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Acta Paediatr ; 2021 Jan 03.
Article in English | MEDLINE | ID: covidwho-1003938
Acta Paediatr ; 2020 Nov 17.
Article in English | MEDLINE | ID: covidwho-933963


AIM: Persistent symptoms in adults after COVID-19 are emerging and the term long COVID is increasingly appearing in the literature. However, paediatric data are scarce. METHODS: This paper contains a case report of five Swedish children and the long-term symptoms reported by their parents. It also includes a systematic literature review of the MEDLINE, EMBASE and Web of Science databases and the medRxiv/bioRxiv pre-print servers up to 2 November 2020. RESULTS: The five children with potential long COVID had a median age of 12 years (range 9-15) and four were girls. They had symptoms for 6-8 months after their clinical diagnoses of COVID-19. None were hospitalised at diagnosis, but one was later admitted for peri-myocarditis. All five children had fatigue, dyspnoea, heart palpitations or chest pain, and four had headaches, difficulties concentrating, muscle weakness, dizziness and sore throats. Some had improved after 6-8 months, but they all suffered from fatigue and none had fully returned to school. The systematic review identified 179 publications and 19 of these were deemed relevant and read in detail. None contained any information on long COVID in children. CONCLUSION: Children may experience similar long COVID symptoms to adults and females may be more affected.

Acta Paediatr ; 109(8): 1525-1530, 2020 08.
Article in English | MEDLINE | ID: covidwho-324352


AIM: Many countries have closed schools and kindergartens to minimise COVID-19, but the role that children play in disease transmission is unclear. METHODS: A systematic literature review of the MEDLINE and EMBASE databases and medRxiv/bioRxiv preprint servers to 11 May 2020 identified published and unpublished papers on COVID-19 transmission by children. RESULTS: We identified 700 scientific papers and letters and 47 full texts were studied in detail. Children accounted for a small fraction of COVID-19 cases and mostly had social contacts with peers or parents, rather than older people at risk of severe disease. Data on viral loads were scarce, but indicated that children may have lower levels than adults, partly because they often have fewer symptoms, and this should decrease the transmission risk. Household transmission studies showed that children were rarely the index case and case studies suggested that children with COVID-19 seldom caused outbreaks. However, it is highly likely that children can transmit the SARS-COV-2 virus, which causes COVID-19, and even asymptomatic children can have viral loads. CONCLUSION: Children are unlikely to be the main drivers of the pandemic. Opening up schools and kindergartens is unlikely to impact COVID-19 mortality rates in older people.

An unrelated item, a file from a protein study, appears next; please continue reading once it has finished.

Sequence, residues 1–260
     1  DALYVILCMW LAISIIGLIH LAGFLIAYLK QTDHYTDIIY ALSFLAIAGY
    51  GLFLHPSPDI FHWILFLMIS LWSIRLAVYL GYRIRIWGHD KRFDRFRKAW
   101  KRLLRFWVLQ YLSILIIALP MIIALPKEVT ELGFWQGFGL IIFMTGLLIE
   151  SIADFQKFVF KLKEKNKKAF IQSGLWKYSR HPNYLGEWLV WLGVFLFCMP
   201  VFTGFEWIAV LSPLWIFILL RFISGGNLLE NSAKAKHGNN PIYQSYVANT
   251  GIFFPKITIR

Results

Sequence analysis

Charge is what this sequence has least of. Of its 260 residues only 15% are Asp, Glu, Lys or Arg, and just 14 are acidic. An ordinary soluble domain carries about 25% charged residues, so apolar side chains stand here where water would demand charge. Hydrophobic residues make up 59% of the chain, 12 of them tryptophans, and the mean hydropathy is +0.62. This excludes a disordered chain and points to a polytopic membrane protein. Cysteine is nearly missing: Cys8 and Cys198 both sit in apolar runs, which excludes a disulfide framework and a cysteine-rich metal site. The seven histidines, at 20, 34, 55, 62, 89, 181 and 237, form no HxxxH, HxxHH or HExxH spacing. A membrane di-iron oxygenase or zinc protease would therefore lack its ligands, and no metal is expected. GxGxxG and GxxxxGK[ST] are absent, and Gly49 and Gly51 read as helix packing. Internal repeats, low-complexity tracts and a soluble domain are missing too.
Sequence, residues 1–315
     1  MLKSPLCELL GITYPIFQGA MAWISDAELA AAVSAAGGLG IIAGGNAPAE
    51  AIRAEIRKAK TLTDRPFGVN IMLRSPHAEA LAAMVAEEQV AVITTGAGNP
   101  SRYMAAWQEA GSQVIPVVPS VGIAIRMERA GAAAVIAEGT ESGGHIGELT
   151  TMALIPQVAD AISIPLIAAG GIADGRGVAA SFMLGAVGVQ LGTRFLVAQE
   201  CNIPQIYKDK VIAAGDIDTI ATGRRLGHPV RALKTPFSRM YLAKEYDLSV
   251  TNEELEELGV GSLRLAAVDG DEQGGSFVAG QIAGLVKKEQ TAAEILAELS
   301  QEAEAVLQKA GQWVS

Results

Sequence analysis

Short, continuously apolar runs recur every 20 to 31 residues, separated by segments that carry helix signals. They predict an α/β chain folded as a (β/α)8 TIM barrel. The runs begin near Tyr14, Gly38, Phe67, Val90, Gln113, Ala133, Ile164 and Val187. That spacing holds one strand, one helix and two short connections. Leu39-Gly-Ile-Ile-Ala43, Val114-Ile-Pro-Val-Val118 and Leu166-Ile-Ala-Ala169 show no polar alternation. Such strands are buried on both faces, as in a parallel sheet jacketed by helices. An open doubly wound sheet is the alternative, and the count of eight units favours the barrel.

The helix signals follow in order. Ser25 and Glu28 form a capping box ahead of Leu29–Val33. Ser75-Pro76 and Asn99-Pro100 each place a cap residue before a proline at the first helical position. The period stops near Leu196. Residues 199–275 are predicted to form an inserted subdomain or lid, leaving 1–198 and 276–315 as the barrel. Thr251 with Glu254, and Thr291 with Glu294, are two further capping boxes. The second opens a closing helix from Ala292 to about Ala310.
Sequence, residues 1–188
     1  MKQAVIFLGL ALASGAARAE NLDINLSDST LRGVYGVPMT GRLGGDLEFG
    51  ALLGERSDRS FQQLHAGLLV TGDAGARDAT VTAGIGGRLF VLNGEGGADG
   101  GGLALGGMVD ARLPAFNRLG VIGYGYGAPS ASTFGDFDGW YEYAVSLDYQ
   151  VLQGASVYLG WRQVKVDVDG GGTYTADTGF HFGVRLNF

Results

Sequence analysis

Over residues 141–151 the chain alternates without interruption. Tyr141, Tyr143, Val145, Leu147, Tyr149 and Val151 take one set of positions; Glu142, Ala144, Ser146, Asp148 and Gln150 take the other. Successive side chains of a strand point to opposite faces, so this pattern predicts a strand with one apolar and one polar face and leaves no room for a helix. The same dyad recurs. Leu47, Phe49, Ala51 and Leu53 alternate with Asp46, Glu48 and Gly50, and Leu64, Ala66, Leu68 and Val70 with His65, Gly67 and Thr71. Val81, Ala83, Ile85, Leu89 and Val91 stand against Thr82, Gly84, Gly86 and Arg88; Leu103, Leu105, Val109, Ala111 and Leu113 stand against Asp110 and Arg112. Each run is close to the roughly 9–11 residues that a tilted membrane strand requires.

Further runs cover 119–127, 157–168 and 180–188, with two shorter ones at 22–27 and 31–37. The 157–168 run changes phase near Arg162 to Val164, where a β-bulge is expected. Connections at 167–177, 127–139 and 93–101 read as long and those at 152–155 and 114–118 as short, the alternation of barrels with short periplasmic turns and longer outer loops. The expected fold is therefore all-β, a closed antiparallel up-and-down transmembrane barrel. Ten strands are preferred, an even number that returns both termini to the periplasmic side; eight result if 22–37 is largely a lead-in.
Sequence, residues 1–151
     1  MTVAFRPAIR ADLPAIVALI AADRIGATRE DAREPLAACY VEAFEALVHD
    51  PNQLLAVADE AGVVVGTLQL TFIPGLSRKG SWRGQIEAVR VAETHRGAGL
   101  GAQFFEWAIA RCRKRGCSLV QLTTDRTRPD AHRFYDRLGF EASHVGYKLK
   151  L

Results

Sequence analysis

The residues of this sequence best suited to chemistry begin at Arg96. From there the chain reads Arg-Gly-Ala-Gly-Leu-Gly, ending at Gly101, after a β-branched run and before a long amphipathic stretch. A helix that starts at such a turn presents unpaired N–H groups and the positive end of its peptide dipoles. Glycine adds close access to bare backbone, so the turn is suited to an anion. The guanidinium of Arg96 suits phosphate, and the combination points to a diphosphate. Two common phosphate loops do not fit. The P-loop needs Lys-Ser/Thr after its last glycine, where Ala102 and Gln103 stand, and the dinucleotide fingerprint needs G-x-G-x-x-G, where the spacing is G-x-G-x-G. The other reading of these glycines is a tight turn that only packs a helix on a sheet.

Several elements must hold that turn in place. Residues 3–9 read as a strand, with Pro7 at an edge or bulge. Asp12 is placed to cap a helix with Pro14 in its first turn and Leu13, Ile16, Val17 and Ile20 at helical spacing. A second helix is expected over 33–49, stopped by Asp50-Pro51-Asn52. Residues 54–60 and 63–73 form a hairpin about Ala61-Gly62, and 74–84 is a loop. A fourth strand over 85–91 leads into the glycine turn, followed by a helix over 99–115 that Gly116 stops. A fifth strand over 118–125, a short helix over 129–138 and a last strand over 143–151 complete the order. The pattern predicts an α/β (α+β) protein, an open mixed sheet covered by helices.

Coronavirus Infections/epidemiology , Coronavirus Infections/transmission , Pandemics , Pneumonia, Viral/epidemiology , Pneumonia, Viral/transmission , Child , Coronavirus Infections/prevention & control , Humans , Pandemics/prevention & control , Pneumonia, Viral/prevention & control , Schools/organization & administration
Acta Paediatr ; 109(6): 1088-1095, 2020 06.
Article in English | MEDLINE | ID: covidwho-18823


AIM: The coronavirus disease 2019 (COVID-19) pandemic has affected hundreds of thousands of people. Data on symptoms and prognosis in children are rare. METHODS: A systematic literature review was carried out to identify papers on COVID-19, which is caused by the severe acute respiratory syndrome coronavirus 2 (SARS-CoV-2), using the MEDLINE and Embase databases between January 1 and March 18, 2020. RESULTS: The search identified 45 relevant scientific papers and letters. The review showed that children have so far accounted for 1%-5% of diagnosed COVID-19 cases, they often have milder disease than adults and deaths have been extremely rare. Diagnostic findings have been similar to adults, with fever and respiratory symptoms being prevalent, but fewer children seem to have developed severe pneumonia. Elevated inflammatory markers were less common in children, and lymphocytopenia seemed rare. Newborn infants have developed symptomatic COVID-19, but evidence of vertical intrauterine transmission was scarce. Suggested treatment included providing oxygen, inhalations, nutritional support and maintaining fluids and electrolyte balances. CONCLUSIONS: The coronavirus disease 2019 has occurred in children, but they seemed to have a milder disease course and better prognosis than adults. Deaths were extremely rare.

Coronavirus Infections/epidemiology , Coronavirus , Pandemics , Pneumonia, Viral/epidemiology , Betacoronavirus , Child , Coronavirus Infections/diagnosis , Coronavirus Infections/therapy , Disease Outbreaks , Humans , Pediatrics , Pneumonia, Viral/diagnosis , Pneumonia, Viral/therapy , Severity of Illness Index